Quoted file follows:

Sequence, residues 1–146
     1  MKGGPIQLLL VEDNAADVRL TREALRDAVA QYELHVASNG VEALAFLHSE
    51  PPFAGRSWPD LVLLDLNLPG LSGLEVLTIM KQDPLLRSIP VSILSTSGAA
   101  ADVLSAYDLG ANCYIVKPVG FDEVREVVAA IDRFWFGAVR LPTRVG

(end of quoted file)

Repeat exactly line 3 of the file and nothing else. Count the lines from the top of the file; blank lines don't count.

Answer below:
    51  PPFAGRSWPD LVLLDLNLPG LSGLEVLTIM KQDPLLRSIP VSILSTSGAA